Sexual assault committed by cops is not rare. A 2015 data investigation by the Buffalo News found that a police officer in the U.S. is accused of an act of sexual misconduct on average every five days. It’s an insult to survivors to suggest that police are a protection from rape and sexual violence.
Meanwhile, police lying in official reports and in court — perjury, that is — is so common that it has earned its own neologism: “testilying.”
It is an affront to Black and Indigenous lives, as well as the lives of other communities of color, to treat police racism as anomalous, or even endemic but curable within the existing justice system. A fantastical failure of empirical thinking is involved in claiming that an institution, which has always operated to uphold the hierarchies and brutalities of racial capitalism, can somehow be maintained while disentangled from that role.
There’s every reason for skepticism over claims that reform and oversight are ways to end the harm of policing; a century of attempted reforms have had no such effect. In another recent news story, newly released reports show that the New York Police Department consistently ignored and rejected recommendations from the Civilian Complaint Review Board on punishments for police misconduct. The board is an independent oversight agency, established in 1993 to address complaints about police impunity — which has continued apace regardless. “In about 71 percent of 6,900 serious misconduct charges, the Police Department reduced or rejected recommendations for stiff discipline of officers,” the New York Times reported, based on data from the last two decades.
In a related, and also recently reported, incident, four senior officials were fired from the Civilian Complaint Review Board. Fellow employees claimed that the officials were known for pushing a more aggressive stance toward the police.
Police abuses could only emerge within certain conditions: an impunity-drenched culture and history of dehumanizing Black life.
The risk in drawing attention to cases of extreme police violence and duplicity is that police apologists can dismiss these brutalities as anomalous in the grand scheme of police work, even when they number in the thousands per year. But such abuses could only emerge within certain conditions: an impunity-drenched culture and history of dehumanizing Black life. These anti-abolitionist arguments tacitly treat as acceptable the normal activities of policing that have little to do with catching “bad guys” and everything to do with protecting capital while criminalizing poverty and Blackness.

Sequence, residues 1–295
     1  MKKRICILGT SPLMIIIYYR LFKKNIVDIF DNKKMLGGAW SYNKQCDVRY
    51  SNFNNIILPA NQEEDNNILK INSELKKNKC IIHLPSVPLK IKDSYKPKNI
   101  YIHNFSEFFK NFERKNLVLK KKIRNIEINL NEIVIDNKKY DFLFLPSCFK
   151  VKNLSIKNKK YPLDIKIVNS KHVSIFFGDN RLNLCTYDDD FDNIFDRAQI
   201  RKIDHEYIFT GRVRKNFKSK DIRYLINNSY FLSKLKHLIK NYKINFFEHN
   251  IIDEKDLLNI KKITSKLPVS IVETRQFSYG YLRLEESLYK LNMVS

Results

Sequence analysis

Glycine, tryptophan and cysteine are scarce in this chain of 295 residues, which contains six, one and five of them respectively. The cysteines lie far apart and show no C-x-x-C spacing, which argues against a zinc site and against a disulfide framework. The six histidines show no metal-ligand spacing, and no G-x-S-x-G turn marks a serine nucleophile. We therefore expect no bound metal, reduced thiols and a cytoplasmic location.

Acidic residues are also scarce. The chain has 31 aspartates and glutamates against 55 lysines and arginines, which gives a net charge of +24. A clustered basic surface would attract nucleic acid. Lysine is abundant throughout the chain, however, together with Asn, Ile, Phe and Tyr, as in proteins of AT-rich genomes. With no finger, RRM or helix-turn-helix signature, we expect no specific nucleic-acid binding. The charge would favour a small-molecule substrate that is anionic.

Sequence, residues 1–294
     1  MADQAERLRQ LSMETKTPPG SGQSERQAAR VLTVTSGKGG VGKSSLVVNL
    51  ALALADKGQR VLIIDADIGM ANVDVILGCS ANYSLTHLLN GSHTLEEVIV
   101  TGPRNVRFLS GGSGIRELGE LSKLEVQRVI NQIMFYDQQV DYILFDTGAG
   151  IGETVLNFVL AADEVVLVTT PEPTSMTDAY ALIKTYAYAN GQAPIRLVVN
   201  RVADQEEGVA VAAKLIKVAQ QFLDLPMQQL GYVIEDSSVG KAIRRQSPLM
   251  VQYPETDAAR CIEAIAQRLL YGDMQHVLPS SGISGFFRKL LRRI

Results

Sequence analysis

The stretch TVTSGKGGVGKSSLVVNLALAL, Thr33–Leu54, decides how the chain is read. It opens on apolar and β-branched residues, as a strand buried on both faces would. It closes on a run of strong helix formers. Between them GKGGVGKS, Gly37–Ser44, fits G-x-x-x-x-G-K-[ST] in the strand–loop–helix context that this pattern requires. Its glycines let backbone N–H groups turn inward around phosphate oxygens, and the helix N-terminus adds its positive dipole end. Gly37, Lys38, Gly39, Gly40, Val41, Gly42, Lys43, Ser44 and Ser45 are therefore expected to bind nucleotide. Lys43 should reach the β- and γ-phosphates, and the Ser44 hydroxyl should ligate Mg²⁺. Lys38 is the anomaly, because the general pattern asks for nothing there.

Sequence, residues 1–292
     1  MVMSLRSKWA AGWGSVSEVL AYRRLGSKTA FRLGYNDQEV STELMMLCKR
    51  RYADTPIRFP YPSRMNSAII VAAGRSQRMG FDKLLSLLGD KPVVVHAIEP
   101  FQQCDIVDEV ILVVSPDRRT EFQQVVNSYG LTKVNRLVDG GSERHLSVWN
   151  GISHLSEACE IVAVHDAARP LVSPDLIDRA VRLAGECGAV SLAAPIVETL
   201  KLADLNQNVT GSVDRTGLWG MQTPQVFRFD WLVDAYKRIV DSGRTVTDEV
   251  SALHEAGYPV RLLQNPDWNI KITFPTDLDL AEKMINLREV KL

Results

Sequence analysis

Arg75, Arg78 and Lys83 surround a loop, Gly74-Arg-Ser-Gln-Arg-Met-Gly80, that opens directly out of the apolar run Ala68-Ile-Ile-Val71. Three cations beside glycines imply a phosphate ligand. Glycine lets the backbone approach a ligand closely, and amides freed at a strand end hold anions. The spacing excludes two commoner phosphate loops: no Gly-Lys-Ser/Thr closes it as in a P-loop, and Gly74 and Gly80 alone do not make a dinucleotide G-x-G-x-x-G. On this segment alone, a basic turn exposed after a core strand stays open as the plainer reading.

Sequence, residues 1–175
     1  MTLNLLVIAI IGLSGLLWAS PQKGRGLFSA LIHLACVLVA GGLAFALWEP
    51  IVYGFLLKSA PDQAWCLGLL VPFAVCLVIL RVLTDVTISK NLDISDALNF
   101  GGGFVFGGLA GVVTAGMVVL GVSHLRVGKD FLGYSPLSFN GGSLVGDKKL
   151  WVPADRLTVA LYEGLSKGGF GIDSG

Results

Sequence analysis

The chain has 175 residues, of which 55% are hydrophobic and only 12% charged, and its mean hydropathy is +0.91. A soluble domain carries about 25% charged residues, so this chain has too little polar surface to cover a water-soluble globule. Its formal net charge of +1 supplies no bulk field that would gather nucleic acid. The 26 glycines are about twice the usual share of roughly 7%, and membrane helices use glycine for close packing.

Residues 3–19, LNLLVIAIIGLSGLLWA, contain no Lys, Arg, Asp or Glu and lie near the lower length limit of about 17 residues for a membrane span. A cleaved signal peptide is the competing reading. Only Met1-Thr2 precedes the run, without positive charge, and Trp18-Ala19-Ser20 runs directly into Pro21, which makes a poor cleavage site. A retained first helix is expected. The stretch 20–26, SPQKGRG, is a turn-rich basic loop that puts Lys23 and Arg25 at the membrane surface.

It may be the case that campaigns to reduce or remove police funding do better with voters when “defund the police” rhetoric is avoided, in favor of calls to invest instead in other social services. Ballot Measure J in Los Angeles County, which requires 10 percent of the city’s unrestricted general funds be invested in social services and alternatives to incarceration, not prisons and policing, was successful on the election ballot, and commentators have credited the success in part to campaigners avoiding the word “defund.”
It is also the case that only a vanishingly small number of politicians, on both the local and national level, are seriously pushing for defunding within an abolitionist framework.
Yet these dynamics need not determine the terms of the debate. Indeed, calls to abolish the entire policing and carceral system should not be reduced to a Democratic Party “debate” at all. With new, vile chapters, like the latest from Louisville, added every week to policing’s unbroken history of racist, patriarchal violence, those calling for abolition should no longer have to demonstrate the basic grounds for this fight.